If you are already used to exercising, switching to three or four times a week to fit your schedule may be preferable, but it is a lot harder to maintain a workout program you don’t do every day.

Be careful to not repeat the same exercise routine each day. If you do an intense ab workout one day, try switching it up to general cardio the next. You can also squeeze in a day of light walking to break up the intensity.

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If you’re a morning person, check out these morning exercises that will start your day off right.

2. Duration Doesn’t Substitute for Intensity

Once you get into the habit of regular exercise, where do you go if you still aren’t reaching your goals? Most people will solve the problem by exercising for longer periods of time, turning forty-minute workouts into two hour stretches. Not only does this drain your time, but it doesn’t work particularly well.

One study shows that “exercising for a whole hour instead of a half does not provide any additional loss in either body weight or fat”[1].

This is great news for both your schedule and your levels of motivation. You’ll likely find it much easier to exercise for 30 minutes a day instead of an hour. In those 30 minutes, do your best to up the intensity to your appropriate edge to get the most out of the time.

3. Acknowledge Your Limits

Many people get frustrated when they plateau in their weight loss or muscle gaining goals as they’re learning how to get in shape. Everyone has an equilibrium and genetic set point where their body wants to remain. This doesn’t mean that you can’t achieve your fitness goals, but don’t be too hard on yourself if you are struggling to lose weight or put on muscle.

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Acknowledging a set point doesn’t mean giving up, but it does mean realizing the obstacles you face.

Expect to hit a plateau in your own fitness results[2]. When you expect a plateau, you can manage around it so you can continue your progress at a more realistic rate. When expectations meet reality, you can avoid dietary crashes.

4. Eat Healthy, Not Just Food That Looks Healthy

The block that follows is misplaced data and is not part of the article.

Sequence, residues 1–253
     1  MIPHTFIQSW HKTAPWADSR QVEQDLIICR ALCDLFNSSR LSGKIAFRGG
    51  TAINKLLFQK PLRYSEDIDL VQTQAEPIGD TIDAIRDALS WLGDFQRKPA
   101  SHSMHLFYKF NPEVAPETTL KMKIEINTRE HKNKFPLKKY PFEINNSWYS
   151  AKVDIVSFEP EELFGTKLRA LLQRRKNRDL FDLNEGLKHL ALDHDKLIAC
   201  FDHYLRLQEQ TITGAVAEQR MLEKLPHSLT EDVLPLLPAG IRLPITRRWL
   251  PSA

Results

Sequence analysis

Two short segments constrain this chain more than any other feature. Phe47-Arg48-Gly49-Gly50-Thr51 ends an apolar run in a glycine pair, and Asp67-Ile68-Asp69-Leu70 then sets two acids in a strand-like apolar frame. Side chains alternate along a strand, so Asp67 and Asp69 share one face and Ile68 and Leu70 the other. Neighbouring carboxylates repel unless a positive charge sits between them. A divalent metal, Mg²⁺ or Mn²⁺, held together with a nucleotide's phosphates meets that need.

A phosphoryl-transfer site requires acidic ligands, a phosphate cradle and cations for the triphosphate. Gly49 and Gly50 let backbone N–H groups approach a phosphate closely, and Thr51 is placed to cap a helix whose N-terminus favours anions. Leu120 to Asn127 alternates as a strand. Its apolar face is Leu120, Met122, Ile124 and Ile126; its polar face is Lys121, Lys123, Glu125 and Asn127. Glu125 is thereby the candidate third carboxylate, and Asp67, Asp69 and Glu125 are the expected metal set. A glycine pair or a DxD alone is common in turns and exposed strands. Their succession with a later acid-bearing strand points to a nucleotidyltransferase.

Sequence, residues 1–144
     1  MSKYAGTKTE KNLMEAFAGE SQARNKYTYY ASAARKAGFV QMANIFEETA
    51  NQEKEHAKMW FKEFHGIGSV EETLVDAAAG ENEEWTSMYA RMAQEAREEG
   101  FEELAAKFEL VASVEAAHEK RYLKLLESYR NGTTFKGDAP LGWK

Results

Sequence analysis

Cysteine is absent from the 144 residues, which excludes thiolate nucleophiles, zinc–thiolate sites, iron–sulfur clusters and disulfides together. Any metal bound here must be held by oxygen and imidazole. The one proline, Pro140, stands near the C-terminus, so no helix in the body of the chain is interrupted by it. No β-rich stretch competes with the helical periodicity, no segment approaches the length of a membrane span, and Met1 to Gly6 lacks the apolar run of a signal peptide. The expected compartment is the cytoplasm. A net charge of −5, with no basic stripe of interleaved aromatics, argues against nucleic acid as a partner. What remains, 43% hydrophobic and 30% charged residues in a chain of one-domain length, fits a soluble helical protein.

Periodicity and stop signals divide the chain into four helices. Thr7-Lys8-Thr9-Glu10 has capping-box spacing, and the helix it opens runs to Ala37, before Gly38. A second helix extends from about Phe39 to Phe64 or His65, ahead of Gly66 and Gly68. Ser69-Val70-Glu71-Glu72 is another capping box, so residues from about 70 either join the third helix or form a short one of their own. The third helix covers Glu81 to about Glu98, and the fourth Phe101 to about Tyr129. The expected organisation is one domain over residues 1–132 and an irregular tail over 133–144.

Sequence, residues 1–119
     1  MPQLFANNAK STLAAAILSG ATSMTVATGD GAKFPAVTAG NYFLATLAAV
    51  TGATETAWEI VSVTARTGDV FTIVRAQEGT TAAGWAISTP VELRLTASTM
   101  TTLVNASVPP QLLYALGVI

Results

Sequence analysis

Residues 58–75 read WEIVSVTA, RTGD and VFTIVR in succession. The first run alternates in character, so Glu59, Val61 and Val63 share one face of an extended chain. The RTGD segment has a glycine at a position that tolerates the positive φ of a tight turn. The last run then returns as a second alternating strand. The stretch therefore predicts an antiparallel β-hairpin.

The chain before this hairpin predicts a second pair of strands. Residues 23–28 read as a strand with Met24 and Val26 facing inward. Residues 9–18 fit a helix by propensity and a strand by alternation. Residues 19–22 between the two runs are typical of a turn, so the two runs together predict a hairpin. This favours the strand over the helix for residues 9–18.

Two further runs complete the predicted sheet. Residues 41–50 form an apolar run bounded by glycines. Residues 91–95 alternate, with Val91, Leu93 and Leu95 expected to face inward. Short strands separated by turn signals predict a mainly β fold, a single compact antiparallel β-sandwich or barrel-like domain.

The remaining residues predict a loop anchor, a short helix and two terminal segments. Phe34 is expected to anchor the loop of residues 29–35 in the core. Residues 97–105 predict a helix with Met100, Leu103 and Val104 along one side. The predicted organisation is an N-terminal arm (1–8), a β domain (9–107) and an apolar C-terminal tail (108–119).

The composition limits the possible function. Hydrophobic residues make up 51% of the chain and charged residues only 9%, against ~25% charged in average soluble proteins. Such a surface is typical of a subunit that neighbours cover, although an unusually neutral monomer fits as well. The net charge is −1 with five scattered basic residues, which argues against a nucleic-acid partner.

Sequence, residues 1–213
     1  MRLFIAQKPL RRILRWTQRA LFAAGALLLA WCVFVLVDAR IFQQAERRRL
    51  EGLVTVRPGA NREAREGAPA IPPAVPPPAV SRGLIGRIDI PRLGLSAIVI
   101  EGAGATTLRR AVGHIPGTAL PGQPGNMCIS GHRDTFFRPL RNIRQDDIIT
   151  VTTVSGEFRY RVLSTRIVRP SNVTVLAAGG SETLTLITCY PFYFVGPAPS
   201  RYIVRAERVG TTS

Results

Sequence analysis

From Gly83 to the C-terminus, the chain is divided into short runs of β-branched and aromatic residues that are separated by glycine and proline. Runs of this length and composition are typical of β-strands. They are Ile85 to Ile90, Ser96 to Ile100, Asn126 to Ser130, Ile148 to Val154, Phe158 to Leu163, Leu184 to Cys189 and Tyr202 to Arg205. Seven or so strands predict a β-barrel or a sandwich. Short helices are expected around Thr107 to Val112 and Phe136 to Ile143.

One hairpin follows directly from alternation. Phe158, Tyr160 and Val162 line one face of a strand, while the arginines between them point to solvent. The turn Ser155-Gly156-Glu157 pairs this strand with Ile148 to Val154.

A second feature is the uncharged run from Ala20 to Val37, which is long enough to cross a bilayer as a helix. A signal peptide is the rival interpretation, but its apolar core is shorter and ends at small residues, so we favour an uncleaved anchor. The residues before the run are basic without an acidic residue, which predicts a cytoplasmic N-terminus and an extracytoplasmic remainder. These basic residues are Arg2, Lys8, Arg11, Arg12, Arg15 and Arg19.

Know what you eat. Don’t fuss over minutia like whether you’re getting enough Omega 3’s or tryptophan, but be aware of the big things. Look at the foods you eat regularly and figure out whether they are healthy or not. Don’t get fooled by the deceptively healthy snacks just pretending to be good for you.

The basic nutritional advice includes:

  • Eat unprocessed foods
  • Eat more veggies
  • Use meat as a side dish, not a main course
  • Eat whole grains, not refined grains[3]

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Eat whole grains when you want to learn how to get in shape.

    5. Watch Out for Travel

    Don’t let a four-day holiday interfere with your attempts when you’re learning how to get in shape. I don’t mean that you need to follow your diet and exercise plan without any excursion, but when you are in the first few weeks, still forming habits, be careful that a week long break doesn’t terminate your progress.

    This is also true of schedule changes that leave you suddenly busy or make it difficult to exercise. Have a backup plan so you can be consistent, at least for the first month when you are forming habits.

    If travel is on your schedule and can’t be avoided, make an exercise plan before you go[4], and make sure to pack exercise clothes and an exercise mat as motivation to keep you on track.

    6. Start Slow

    Ever start an exercise plan by running ten miles and then puking your guts out? Maybe you aren’t that extreme, but burnout is common early on when learning how to get in shape. You have a lifetime to be healthy, so don’t try to go from couch potato to athletic superstar in a week.

    If you are starting a running regime, for example, run less than you can to start. Starting strength training? Work with less weight than you could theoretically lift. Increasing intensity and pushing yourself can come later when your body becomes comfortable with regular exercise.

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    7. Be Careful When Choosing a Workout Partner

    Should you have a workout partner? That depends. Workout partners can help you stay motivated and make exercising more fun. But they can also stop you from reaching your goals.

    My suggestion would be to have a workout partner, but when you start to plateau (either in physical ability, weight loss/gain, or overall health) and you haven’t reached your goals, consider mixing things up a bit.

    If you plateau, you may need to make changes to continue improving. In this case it’s important to talk to your workout partner about the changes you want to make, and if they don’t seem motivated to continue, offer a thirty day break where you both try different activities.

    I notice that guys working out together tend to match strength after a brief adjustment phase. Even if both are trying to improve, something seems to stall improvement once they reach a certain point. I found that I was able to lift as much as 30-50% more after taking a short break from my regular workout partner.

    Final Thoughts

    Learning how to get in shape in as little as two weeks sounds daunting, but if you’re motivated and have the time and energy to devote to it, it’s certainly possible.

    Find an exercise routine that works for you, eat healthy, drink lots of water, and watch as the transformation begins.

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    Featured photo credit: Alexander Redl via unsplash.com

    Reference